why soap is collidal in solution? how it does ion-ion repultion?

Asked by kamalnayansingh7 | 13th Jan, 2020, 08:35: AM

Expert Answer:

Colloidal state of matter: The state in which the size of the particle is such that it can pass through filter paper but not through the animal or vegetable membrane.
Consider the example of soap. Soap is the sodium salt of higher fatty acids and represented as RCOONa.
Examples: Sodium stearate, sodium palmitate
 When soap is dissolved in water, it dissociates into RCOO and Na+ ions.
   The RCOO consists of two parts—a non-polar, long hydrocarbon chain R (which is hydrophobic and called the tail) and the polar group COO (which is hydrophilic and called the head).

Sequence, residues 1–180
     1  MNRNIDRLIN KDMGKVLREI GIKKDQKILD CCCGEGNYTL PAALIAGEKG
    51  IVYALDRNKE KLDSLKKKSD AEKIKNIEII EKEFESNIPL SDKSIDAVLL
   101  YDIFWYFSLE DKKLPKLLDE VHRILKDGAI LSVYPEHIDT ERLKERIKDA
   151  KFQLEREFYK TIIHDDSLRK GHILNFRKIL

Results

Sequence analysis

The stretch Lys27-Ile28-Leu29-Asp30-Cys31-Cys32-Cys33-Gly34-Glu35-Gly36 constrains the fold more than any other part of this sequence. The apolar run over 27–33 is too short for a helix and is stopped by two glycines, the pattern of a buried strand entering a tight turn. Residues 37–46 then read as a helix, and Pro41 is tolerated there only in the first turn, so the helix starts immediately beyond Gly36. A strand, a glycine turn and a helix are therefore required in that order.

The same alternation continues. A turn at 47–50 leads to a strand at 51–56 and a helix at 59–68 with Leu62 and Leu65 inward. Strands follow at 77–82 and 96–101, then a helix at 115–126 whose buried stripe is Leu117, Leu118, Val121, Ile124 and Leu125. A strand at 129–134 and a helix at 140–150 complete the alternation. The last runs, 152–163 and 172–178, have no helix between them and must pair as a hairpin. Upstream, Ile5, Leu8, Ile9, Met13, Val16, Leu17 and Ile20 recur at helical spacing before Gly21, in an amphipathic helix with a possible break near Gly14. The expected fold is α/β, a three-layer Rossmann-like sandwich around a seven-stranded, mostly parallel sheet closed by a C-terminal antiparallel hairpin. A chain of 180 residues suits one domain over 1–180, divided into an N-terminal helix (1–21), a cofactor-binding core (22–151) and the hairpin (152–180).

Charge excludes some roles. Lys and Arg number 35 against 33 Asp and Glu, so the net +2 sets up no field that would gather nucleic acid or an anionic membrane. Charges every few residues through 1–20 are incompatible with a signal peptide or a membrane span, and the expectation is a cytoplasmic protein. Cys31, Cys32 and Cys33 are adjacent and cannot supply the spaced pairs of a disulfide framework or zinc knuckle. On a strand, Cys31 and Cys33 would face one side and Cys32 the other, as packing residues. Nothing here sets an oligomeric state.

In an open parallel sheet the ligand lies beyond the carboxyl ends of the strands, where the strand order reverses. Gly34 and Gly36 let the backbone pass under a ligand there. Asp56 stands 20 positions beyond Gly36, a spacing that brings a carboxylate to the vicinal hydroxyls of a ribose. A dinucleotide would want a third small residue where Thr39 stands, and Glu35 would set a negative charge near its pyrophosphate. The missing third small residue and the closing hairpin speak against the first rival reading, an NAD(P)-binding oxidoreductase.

 The RCOO ions are present on the surface with their polar group in water and their non-polar group away from water and remain at the surface.
 At higher concentration, these ions do not remain on the surface but are pulled into the bulk of solution. Because of this, RCOO ions coagulate to form a spherical shape with their hydrocarbon chains pointing towards the centre and the COO part         outwards on the surface of the sphere. This coagulate formed is called ionic micelle.
 Each of these micelles contains up to 100 ions.

Answered by Ramandeep | 14th Jan, 2020, 12:32: PM